During our family devotions the past few weeks, I've often challenged myself and our family to live out the exhortations found in 2 Peter 3:5-8. "For this very reason, make every effort to supplement your faith with goodness, knowledge, self-control, endurance, godliness, brotherly affection, and love..." I believe the way we relate to one another at home reveals the character of who we truly are as individuals. You can put on a show for the world, but your family or those you live with know the real you. For that reason, it is all the more imperative that we make every effort to live out our faith at home. Patience at home might look like making an effort to help with a meal or a project. It might look like listening before blurting out a response or believing the best about another's intent instead of assuming the worst. It might look like playing a game in the yard with a child, reading a book together, or watching a movie that might not be your first choice.

How will you make every effort to live out your faith and walk in patient love with your family today?

Thursday, May 21, 2020

The Providence of God

In the early 1970s, Ravi Zacharias (who just died this past Tuesday) went to the country of Vietnam, during the war, to do work in evangelism. After several months touring the country with his interpreter Hien, he departed to return to the North America, leaving his friend and interpreter behind. Ravi tells the story of receiving a call years later in the middle of the night from Hien. What follows is an amazing story of God’s providential care:
After Vietnam, I hadn’t known whether my young interpreter friend was even still alive. Now, as my excitement gushed forth, he explained, “I am in San Francisco.” “What are you doing here, Hien?” “Have you got time to listen?” If ever I had the time for anything, it was this. After Vietnam fell, Hien was captured by the Vietcong and imprisoned. They accused him of collaborating with the CIA, since he had worked with missionaries. In prison, they worked him over, telling him again and again that he had been brainwashed by Westerners. They took away his Bible and forbade him to speak English, the language he had loved, permitting him to use only Vietnamese or French.
“There is no such thing as God,” came the refrain from his captors, day after hellish day. The hour finally came when Hien wondered, “Maybe they are right. Maybe there is no such thing as God.” As he thought back to some of my sermons and the shared blessings we had enjoyed, he wondered if perhaps I had been deluded too. That night he went to bed, muttering to himself, “I’m through with God. When I wake up in the morning, no more God, no more prayer.”
The new day dawned, and the commanding officer of the prison barked out the assignments for the day. Hien was to clean the latrines. He cringed when he heard it. It was the ultimate form of indignity for the prisoners. The latrines were the absolute dregs of human filth, and Hien spent the entire day in those inhospitable surroundings. His final task was to empty the trash cans, which were filled with soiled toilet paper. All day long, he labored with reminders to himself — “No God today.” But as his work was coming to an end, something in the last trash can happened to catch his eye. It was a piece of paper with printed type. As Hien looked closer, he saw it was in English. Hungry to read this language again, he looked around to make sure nobody was watching. He hastily rinsed off the filth and tucked the paper into his pocket. That night, after everyone had fallen asleep, he carefully took out his flashlight and removed the still damp paper from his pocket. In the upper right-hand corner of the page were the words “Romans 8.” The Bible. Hien, in a state of shock, began reading.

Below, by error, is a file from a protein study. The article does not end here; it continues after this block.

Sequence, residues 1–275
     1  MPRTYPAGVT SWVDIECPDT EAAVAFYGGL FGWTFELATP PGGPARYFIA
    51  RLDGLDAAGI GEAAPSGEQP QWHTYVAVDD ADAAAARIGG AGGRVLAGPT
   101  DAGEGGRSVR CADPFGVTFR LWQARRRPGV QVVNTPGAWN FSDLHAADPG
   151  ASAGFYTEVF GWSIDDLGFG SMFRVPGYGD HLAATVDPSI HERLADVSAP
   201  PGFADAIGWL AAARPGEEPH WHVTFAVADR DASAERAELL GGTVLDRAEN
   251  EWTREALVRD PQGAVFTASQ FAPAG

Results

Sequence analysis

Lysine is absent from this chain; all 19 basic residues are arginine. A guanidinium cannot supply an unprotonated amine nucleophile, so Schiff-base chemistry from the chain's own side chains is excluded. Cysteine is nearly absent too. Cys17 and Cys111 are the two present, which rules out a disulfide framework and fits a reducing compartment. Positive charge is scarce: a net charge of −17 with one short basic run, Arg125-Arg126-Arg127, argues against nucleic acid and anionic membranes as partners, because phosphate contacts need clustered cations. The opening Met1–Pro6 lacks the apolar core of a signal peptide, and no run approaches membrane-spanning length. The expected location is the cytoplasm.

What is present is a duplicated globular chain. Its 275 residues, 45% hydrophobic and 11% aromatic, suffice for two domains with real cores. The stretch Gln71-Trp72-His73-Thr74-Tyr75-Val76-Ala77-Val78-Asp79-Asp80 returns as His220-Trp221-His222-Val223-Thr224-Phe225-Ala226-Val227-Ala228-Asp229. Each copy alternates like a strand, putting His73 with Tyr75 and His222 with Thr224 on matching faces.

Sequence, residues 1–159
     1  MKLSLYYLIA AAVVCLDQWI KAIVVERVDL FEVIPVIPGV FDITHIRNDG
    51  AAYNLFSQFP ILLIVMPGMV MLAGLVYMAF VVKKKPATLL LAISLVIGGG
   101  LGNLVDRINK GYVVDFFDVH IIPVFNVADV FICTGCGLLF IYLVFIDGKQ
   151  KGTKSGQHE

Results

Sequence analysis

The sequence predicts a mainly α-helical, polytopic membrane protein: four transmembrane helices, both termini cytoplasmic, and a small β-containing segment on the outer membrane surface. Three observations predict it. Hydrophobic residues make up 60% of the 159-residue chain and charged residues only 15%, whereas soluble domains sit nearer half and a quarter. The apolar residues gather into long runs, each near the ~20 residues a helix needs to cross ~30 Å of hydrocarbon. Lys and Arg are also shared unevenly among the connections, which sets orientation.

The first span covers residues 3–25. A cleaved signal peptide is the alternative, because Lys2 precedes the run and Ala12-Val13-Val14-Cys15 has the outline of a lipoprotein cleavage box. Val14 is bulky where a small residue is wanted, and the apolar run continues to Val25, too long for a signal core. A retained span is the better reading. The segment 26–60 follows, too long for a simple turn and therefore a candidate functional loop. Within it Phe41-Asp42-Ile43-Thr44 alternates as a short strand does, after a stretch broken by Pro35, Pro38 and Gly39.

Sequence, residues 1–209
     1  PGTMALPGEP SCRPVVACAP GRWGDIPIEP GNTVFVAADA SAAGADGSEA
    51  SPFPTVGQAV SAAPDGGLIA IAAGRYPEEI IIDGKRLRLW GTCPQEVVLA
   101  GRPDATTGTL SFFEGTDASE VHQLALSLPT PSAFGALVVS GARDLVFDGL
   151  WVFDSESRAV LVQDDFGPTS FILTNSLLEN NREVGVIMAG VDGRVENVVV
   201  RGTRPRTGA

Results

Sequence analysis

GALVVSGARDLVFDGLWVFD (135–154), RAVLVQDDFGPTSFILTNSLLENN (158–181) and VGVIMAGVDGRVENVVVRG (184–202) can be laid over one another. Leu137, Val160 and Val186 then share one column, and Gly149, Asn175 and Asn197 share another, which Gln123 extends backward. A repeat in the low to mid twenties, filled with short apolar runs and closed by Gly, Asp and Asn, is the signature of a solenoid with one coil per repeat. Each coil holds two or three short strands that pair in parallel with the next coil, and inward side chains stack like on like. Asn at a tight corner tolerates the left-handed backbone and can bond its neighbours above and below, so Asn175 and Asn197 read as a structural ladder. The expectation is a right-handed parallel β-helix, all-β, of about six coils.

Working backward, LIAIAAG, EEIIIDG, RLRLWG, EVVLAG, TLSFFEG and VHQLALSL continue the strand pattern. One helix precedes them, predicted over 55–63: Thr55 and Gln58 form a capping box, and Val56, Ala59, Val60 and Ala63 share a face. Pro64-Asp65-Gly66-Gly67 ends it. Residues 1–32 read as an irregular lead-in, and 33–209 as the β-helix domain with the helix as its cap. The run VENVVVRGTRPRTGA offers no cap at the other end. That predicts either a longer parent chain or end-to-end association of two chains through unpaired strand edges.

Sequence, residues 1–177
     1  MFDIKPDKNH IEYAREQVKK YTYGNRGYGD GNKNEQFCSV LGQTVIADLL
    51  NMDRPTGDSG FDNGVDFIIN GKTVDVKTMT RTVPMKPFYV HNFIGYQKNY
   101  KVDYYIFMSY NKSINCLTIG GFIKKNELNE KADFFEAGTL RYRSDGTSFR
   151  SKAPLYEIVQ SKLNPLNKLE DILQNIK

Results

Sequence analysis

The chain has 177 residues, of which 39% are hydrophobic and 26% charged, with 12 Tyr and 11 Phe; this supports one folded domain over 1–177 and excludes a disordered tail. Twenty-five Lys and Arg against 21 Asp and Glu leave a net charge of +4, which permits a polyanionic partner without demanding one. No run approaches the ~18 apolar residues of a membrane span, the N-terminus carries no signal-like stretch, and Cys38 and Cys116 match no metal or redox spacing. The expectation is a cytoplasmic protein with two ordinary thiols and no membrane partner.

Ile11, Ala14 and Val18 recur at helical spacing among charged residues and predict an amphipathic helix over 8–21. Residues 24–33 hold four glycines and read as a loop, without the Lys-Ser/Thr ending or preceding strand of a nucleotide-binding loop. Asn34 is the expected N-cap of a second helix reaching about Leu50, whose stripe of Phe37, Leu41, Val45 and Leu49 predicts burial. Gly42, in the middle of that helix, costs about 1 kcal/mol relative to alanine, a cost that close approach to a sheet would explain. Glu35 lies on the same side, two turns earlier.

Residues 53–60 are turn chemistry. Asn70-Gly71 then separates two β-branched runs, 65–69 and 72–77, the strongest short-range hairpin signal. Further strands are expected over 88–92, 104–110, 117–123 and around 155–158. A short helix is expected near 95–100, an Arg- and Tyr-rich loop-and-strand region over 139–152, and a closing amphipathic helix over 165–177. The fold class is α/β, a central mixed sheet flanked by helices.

And we know that in all things God works for the good of those who love him, who have been called according to his purpose.” He read on. What, then, shall we say in response to this? If God is for us, who can be against us? He who did not spare his own Son, but gave him up for us all — how will he not also, along with him, graciously give us all things? Who will bring any charge against those whom God has chosen? . . . Who shall separate us from the love of Christ? Shall trouble or hardship or persecution or famine or nakedness or danger or sword? . . . No, in all these things we are more than conquerors through him who loved us. For I am convinced that neither death nor life, neither angels nor demons, neither the present nor the future, nor any powers, neither height nor depth, nor anything else in all creation, will be able to separate us from the love of God that is in Christ Jesus our Lord.”
Hien began crying. Of all the Scripture verses he had known, these were the ones he most needed to hear, and now they had come back to him. “Lord,” he realized, “you would not let me out of your reach for even one day.” He turned over in his bed that night and prayed. The next morning, when he saw the commanding officer, Hien asked him, “Sir, would you mind if I cleaned the latrines again?” The officer stared at him, quite puzzled. Thinking Hien was being rather arrogant, he decided to assign him to the latrines indefinitely. “You are going to clean them every day, until I tell you to stop,” he commanded. Hien did not know it in the beginning, but the officer himself had been tearing out those pages from the Bible and using them for toilet paper. Now, each day, Hien rinsed them clean, hid them in his pocket, and used them for his devotions at night. He ended up collecting numerous passages from the book of Romans, as well as from other books of the Bible.